Stanley also addressed his influences and philosophy when he wrote in 2009 that he "began to apply the principles of Napoleon Hill's Think and Grow Rich to my endeavors as a pastor, and I discovered they worked!... For years, I read [it] every year to remind myself that the truth of God is not just for one career field. It is for all manner of work and ministry."[23]

Personal life

Stanley had a daughter named Becky.[24] Stanley's son, Andy, is the pastor of North Point Community Church in nearby Alpharetta.[25] In addition to his work in Christian ministry, Stanley was an avid photographer. Much of his photographic work is featured in the In Touch magazine, as well as in other materials printed by the ministry including the In Touch wall and desk calendars.[14][26]

Anna J. Stanley was married to Charles Stanley Jr. for more than 40 years; she filed for divorce on June 22, 1993, after they separated in the spring of 1992. The two of them agreed that Anna would amend the lawsuit to seek a legal separation instead ("separate maintenance"), while seeking reconciliation. She again filed for divorce on March 20, 1995. The Moody Radio Network station in Atlanta (then-WAFS) took Stanley's daily broadcast off the air during the time, as managers concluded that there was no sign of reconciliation.[27] The Stanleys were legally separated at the time that divorce papers were filed for the last time on February 16, 2000. A judge signed the final divorce decree on May 11, 2000.[28][29][27]

Their divorce caused a minor controversy in the Southern Baptist Convention. The matter was complicated by reports that Stanley had said he would resign as pastor if he got divorced. At the time of their separation, he said he did not believe it would result in divorce; however after he was divorced, the members of his church overwhelmingly voted to keep him as their pastor. According to First Baptist Atlanta's bylaws, Stanley was allowed to remain as pastor as long as he did not remarry.[30][27] Anna Stanley died on November 10, 2014.[31]

Stanley served on the board of the Moral Majority political organization; he was a close friend of the entity's founder, Jerry Falwell.[32]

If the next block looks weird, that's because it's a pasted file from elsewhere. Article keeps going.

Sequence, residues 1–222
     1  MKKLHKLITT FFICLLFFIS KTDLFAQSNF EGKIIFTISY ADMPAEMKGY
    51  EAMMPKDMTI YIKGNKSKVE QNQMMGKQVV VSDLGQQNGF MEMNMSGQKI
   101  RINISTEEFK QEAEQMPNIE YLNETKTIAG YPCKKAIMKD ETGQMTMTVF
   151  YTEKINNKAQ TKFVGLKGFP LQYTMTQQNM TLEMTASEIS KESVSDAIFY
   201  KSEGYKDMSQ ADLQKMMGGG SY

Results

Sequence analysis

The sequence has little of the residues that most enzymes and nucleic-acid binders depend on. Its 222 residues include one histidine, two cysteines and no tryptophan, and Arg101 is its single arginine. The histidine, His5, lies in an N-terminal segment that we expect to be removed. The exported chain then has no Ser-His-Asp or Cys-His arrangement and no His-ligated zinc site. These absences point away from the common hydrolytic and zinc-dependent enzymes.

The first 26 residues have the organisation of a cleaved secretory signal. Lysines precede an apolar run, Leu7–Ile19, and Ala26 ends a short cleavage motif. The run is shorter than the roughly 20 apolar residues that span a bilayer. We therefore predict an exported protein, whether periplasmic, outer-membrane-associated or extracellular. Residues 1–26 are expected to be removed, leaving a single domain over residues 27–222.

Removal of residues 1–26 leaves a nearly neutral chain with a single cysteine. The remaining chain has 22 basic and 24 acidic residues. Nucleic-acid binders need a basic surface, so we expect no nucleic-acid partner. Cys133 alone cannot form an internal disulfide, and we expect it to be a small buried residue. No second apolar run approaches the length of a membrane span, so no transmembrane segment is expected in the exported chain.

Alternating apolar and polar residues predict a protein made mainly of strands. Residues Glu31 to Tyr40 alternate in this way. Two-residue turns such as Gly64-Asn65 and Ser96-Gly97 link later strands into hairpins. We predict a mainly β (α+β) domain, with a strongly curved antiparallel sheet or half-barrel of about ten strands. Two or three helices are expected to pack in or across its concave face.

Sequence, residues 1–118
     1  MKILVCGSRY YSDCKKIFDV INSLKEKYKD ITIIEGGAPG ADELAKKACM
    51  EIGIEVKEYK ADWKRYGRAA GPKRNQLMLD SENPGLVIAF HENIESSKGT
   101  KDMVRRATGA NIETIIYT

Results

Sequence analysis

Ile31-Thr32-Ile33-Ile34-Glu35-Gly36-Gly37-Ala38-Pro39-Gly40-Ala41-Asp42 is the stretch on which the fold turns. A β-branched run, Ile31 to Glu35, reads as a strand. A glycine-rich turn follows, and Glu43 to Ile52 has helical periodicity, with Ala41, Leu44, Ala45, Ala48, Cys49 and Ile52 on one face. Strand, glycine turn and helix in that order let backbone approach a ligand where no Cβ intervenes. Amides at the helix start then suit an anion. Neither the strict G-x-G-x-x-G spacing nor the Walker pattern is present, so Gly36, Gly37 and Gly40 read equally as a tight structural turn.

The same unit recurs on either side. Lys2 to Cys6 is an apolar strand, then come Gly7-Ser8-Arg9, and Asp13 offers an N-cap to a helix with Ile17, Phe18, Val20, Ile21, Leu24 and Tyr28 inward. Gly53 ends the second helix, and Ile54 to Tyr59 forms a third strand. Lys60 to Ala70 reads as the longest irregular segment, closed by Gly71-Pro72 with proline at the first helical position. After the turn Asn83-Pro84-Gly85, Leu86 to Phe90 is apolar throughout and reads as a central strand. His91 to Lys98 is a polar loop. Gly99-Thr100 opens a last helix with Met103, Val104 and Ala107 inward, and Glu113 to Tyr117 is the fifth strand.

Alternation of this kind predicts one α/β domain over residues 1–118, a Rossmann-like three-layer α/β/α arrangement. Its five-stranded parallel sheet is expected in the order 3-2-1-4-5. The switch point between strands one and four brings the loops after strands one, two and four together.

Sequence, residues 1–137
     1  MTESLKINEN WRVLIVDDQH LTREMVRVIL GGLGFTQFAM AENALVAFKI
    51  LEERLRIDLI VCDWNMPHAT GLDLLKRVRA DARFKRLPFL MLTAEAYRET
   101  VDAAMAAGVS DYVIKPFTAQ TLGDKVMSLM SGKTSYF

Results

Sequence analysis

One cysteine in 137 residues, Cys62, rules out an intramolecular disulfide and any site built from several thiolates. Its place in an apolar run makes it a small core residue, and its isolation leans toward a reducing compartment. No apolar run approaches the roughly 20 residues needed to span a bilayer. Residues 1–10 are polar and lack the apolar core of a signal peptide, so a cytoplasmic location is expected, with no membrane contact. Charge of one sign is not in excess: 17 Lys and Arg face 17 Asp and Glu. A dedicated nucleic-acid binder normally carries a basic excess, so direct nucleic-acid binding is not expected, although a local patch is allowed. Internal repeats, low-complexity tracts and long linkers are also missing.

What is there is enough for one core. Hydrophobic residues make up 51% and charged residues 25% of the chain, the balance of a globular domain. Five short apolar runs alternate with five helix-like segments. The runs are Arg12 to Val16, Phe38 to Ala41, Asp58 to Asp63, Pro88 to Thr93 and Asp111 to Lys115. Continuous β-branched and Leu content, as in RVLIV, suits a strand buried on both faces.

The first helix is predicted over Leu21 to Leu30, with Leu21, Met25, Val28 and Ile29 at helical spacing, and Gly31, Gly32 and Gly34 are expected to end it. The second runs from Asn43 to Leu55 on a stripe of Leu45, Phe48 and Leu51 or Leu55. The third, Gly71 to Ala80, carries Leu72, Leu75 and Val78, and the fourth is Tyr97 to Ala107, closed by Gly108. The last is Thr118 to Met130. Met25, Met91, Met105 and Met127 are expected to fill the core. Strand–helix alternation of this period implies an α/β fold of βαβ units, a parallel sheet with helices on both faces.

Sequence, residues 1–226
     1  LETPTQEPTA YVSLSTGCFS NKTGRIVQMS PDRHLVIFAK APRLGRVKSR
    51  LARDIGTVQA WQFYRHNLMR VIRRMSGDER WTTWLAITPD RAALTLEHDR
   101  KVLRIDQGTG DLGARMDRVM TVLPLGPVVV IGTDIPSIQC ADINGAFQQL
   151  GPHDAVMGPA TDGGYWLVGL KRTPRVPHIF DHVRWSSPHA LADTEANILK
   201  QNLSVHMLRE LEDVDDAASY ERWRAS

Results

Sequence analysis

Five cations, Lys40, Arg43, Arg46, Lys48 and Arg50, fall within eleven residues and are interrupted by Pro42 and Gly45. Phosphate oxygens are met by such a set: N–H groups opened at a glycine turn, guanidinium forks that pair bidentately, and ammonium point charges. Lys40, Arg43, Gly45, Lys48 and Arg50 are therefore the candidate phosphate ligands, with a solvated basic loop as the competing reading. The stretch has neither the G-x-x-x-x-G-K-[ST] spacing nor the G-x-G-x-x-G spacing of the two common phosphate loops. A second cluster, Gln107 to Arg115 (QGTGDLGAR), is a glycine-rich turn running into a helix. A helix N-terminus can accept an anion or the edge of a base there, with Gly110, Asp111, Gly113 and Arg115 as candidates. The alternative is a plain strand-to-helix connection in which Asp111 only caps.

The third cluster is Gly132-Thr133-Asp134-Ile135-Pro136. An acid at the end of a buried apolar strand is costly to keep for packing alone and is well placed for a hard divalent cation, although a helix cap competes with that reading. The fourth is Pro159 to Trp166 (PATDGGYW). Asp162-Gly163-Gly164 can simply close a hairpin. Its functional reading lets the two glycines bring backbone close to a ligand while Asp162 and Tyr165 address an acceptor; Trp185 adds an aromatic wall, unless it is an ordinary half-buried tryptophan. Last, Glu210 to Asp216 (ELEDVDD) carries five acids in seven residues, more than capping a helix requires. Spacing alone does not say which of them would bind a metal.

Charles F. Stanley Jr. died at his home in Atlanta on April 18, 2023, at age 90.[5] No cause of death was released.[33]



Year Title Notes
1972 The Chapel Hour [13] Host
1983–1985 The Breakfast Club[34] Host
1990–2023 In Touch with Dr. Charles Stanley[35] Host
2002 TBN's Praise the Lord[36] Guest
2011 19 Kids and Counting[37] Episode: "Donating Duggars"
2012 Monica's Closeups[38] Guest

Awards and honors

See also


  1. ^ Synan, Vinson (2020). "Charles Stanley's Pentecostal Roots". Spiritus. 5 (2): 280. ISSN 2573-6345. Retrieved April 11, 2022.
  2. ^ "Charles Stanley to step down at First Baptist Church Atlanta, become Pastor Emeritus". 95.5 WSB. Retrieved September 13, 2020.
  3. ^ Poole, Shelia. "Charles Stanley steps down as senior pastor at First Baptist". The Atlanta Journal-Constitution. Retrieved September 13, 2020.
  4. ^ "Dr. Charles F. Stanley - First Baptist Church Atlanta". Archived from the original on March 21, 2013.
  5. ^ a b c d e f Poole, Shelia (April 18, 2023). "Charles Stanley, well-known preacher and evangelical broadcaster, dies at 90". The Atlanta Journal-Constitution. Retrieved April 18, 2023.
  6. ^ "Meet Dr. Charles Stanley". Archived from the original on September 24, 2022. Retrieved December 15, 2022.
  7. ^ Buck Lanford, Dr. Charles Stanley honored for 50 years of ministry,, US, October 7, 2019
  8. ^ Shelia Poole, Atlanta Pastor Charles Stanley's 'Life Principles Bible' hits 1 million mark,, US, December 19, 2017
  9. ^ a b Emily McFarlan Miller, Influential pastor, Charles Stanley, steps down at First Baptist Church Atlanta after 50 years,, US, September 14, 2020
  10. ^ Mark Ward Sr., The Electronic Church in the Digital Age: Cultural Impacts of Evangelical Mass Media , ABC-CLIO, US, 2015, p. 289[ISBN missing]
  11. ^ Patricia Holbrook, Dr. Charles F. Stanley leads life of unwavering faith,, US, September 15, 2017
  12. ^ "Station Finder". Retrieved April 25, 2023.